Why Enjoy Life Foods went FODMAP certified

...and whether it's worth it for other brands to invest in this certification.

Melissa Kvidahl Reilly, Writer/Editor

December 4, 2018

2 Min Read

Earlier this fall, gluten-free brand Enjoy Life Foods announced that nearly 20 if its allergy-friendly SKUs had achieved FODMAP Friendly Certification. FODMAP (an acronym for fermentable, oligosaccharides, disaccharides, monosaccharides and polyols) refers to short-chained carbohydrates that can lead to gas, bloating, abdominal pain and diarrhea. As a result, many people are now adhering to a FODMAP-free diet. And some brands are starting to wonder whether being FODMAP friendly certified is the new gluten-free.

“We consistently ask our consumers what’s important to them, and starting about six years ago or so, we started hearing about FODMAP,” says Joel Warady, Enjoy Life Foods’ general manager and chief sales and marketing officer. About a year ago, he says, the brand started hearing a whole lot more about this specialty diet. “We thought we’d test our products to see if they even met the requirements,” Warady explains. “We found that without changing any of our recipes, we had over 20 SKUs that were certifiable FODMAP Friendly.”

The process for achieving FODMAP Friendly Certification is a bit different -- and more comprehensive -- than achieving other certifications like kosher, for example, which require demonstrating a paper trail. “With FODMAP Friendly Certification, labs are testing the amount of sugars in a product, the types of sugars used, every ingredient and flavor included,” Warady says. “Then, they come back with a pass or fail for each product.” All in all, he says the testing process took about four months.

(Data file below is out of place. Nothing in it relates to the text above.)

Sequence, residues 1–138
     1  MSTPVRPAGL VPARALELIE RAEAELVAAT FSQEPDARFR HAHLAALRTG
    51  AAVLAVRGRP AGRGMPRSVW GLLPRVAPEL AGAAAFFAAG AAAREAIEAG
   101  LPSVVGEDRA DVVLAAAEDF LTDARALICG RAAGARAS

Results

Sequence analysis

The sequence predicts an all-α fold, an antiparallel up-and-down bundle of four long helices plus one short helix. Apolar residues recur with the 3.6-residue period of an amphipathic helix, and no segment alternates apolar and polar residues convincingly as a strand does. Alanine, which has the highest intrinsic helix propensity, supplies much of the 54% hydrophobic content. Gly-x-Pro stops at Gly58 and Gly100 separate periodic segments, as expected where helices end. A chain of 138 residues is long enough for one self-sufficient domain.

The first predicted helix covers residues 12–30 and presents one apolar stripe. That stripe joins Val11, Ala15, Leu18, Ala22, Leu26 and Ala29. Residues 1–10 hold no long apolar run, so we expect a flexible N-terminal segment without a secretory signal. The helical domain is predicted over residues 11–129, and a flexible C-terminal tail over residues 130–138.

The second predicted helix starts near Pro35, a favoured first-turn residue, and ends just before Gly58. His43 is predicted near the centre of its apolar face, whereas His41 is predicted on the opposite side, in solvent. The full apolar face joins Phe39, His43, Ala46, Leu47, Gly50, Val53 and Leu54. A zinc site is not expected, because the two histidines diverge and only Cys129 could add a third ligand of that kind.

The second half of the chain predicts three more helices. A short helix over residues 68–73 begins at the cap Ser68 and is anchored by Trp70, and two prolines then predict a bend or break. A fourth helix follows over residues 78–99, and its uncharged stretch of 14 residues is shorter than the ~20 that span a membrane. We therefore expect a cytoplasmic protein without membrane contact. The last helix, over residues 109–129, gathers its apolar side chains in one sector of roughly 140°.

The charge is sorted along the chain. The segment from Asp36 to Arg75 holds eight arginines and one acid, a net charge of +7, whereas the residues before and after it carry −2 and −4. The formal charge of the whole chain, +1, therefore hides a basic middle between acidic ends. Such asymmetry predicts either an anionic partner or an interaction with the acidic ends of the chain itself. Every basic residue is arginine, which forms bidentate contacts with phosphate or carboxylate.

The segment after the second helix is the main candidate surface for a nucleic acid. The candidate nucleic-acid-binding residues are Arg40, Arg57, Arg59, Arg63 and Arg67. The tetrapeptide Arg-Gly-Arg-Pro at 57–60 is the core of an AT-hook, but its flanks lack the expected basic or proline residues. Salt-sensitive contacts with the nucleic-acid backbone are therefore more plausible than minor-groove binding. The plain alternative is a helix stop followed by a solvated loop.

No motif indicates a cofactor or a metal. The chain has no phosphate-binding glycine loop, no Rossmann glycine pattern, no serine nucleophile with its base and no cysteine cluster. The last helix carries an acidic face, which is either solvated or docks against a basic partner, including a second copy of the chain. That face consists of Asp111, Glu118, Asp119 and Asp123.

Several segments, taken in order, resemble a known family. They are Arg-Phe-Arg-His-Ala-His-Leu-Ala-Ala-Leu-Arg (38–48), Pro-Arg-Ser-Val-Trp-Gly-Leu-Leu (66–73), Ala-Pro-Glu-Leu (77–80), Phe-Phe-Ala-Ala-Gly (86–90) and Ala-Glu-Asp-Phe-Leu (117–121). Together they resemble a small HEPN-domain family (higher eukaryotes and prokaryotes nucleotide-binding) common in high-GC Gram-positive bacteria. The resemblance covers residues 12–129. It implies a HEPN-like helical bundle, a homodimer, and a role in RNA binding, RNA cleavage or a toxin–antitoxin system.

But would he recommend it to other brands? It depends. “We’re known as an allergy-friendly, gluten-free company, but we look at ourselves as a product line for people on specialty diets,” Warady says. For example, while the company would not necessarily describe itself as a vegan company, about 75 percent of its products are vegan. “With FODMAP, there is a need out there, but how big that need is is questionable,” he adds. “What I would say to other brands is, if you feel your products can be certified FODMAP as they are, it can’t hurt to do it. We aren’t reformulating to meet FODMAP standards at this moment.”

About the Author(s)

Melissa Kvidahl Reilly


Melissa Kvidahl Reilly is a freelance writer and editor with 10 years of experience covering news and trends in the natural, organic and supplement markets. She lives and works in New Jersey.

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